I raised the matter to my buddies who agreed to take part, so, I made the arrangements to get hold of the organizer to register for the event. 
They charge RM80 for the shoot, which is a pretty decent price considering the cost of buying foam animals for 3D course. To begin with, the animals are not cheap. A small critter can cost between RM400-600 and larger animals can go up to the thousands. So, that said, the plan was to car pool from Kuala Lumpur to Sg Lembing. We set the rendezvous at 3.30am for those living in Subang Jaya. I had to pick up another guy before 4am in the Kepong area before hitting the East Coast highway.
The plan is to arrive at Sg Lembing, have breakfast and head straight to the 3D course. None of the guys have been to this area before, so, it's a visual treat!

New gear, sleep deprivation and busted arrows!

You don't get much sleep when you have to wake up early and drive for four hours. Driving in the dark and putting full concentration on the road can be a real pain in the ass. And the safety of all the guys in the car is paramount.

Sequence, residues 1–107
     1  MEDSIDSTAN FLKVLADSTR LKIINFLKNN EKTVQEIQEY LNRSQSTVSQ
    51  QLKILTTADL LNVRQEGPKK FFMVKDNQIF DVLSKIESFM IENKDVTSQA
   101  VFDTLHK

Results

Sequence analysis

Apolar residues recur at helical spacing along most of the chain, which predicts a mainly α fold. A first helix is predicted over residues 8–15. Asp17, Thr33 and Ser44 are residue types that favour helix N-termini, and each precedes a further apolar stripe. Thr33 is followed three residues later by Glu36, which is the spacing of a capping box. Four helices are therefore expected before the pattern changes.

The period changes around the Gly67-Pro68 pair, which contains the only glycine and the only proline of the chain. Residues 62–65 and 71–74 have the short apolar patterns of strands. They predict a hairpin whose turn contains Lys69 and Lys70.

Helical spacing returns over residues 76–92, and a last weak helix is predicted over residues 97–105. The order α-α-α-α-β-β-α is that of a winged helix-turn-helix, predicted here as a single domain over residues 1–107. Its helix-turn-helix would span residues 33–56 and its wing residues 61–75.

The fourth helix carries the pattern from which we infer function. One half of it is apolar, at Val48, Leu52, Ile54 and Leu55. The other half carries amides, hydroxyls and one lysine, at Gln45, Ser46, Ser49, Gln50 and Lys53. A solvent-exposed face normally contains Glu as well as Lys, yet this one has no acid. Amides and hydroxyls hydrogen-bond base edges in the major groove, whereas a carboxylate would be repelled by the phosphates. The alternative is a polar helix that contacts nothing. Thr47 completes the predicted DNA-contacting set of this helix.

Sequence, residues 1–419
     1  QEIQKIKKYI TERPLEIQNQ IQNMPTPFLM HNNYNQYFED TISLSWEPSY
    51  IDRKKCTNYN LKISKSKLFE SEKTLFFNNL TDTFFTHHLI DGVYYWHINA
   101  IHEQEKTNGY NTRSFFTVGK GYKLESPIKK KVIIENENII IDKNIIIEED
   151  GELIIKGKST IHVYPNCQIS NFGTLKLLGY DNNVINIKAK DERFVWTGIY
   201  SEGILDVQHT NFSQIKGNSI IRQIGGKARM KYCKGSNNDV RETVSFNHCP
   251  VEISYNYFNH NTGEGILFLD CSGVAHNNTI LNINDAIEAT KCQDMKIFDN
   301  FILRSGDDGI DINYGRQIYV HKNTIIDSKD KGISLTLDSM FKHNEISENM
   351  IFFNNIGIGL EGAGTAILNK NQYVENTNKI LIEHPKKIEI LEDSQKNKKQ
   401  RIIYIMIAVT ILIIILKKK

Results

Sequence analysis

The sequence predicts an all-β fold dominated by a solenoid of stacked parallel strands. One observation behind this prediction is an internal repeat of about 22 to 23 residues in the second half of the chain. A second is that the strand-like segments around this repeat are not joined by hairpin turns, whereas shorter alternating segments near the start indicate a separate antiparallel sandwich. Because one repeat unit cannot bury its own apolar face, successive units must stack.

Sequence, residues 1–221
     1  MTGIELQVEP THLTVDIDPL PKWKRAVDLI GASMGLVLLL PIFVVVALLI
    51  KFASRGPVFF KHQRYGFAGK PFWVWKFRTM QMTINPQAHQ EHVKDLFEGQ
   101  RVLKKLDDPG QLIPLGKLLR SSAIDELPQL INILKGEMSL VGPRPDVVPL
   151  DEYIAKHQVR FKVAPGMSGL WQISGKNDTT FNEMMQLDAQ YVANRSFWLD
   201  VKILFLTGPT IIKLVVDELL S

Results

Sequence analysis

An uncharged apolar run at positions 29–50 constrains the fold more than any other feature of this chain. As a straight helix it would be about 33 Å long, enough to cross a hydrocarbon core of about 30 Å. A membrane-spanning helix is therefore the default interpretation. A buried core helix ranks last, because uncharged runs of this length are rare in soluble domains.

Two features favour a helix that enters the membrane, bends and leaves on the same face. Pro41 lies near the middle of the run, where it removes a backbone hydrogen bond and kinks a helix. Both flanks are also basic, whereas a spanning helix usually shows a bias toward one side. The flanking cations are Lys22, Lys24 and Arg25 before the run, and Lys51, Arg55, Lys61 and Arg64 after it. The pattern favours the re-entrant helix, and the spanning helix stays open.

It takes about four hours to get to Sg Lembing from Subang Jaya. When we arrived at town, the first order of the day, was to get a good fill on our tummies. It's going to be a real long day as we were expected to hike with our bows and arrows including archery tools and drinking water at the course.
Having savored the local fare, we were satisfied enough to head down to the resort where the event was held.
Most of the archers were already there and there were a few familiar faces. Some of the folks we met were from Kuantan. The organizer gave a briefing about the rules and the course layout and the first group was sent out. Well, to a slope where they have to shoot from an elevated position. 
Targets were placed on the ground, some 40-50 meters away. This was very interesting as the archers took turns to engage on paper targets placed downrange.
Some guys missed while a few good ones actually connected with what they have aimed at...

I had bunch of new gear to test out at this course. For shooting 3D, I have ditched my field quiver for a Rancho Safari load bearing system and arrow carrier. My bow as a brand-new CD Archery WF25X riser with Hoyt Velos #32lb limbs. And the most controversial part is using the "VAP V-1" arrows that I bought cheap from supplier in the East Coast. Small diameter target arrows do perform, but they do come with a hefty price is you send it to the wrong spot. Hit something hard, you lose the arrow. On the first day, I lost one arrow after missing a foam target from the distance of 25 meters.
The Rancho Safari Cat Quiver IV was a real life-saver. I don't have arrows rattling and dangling all over my hip and the load bearing system actually helped to relieve fatigue, something I have already been experiencing due to sleep deprivation and the long drive to Sg Lembing.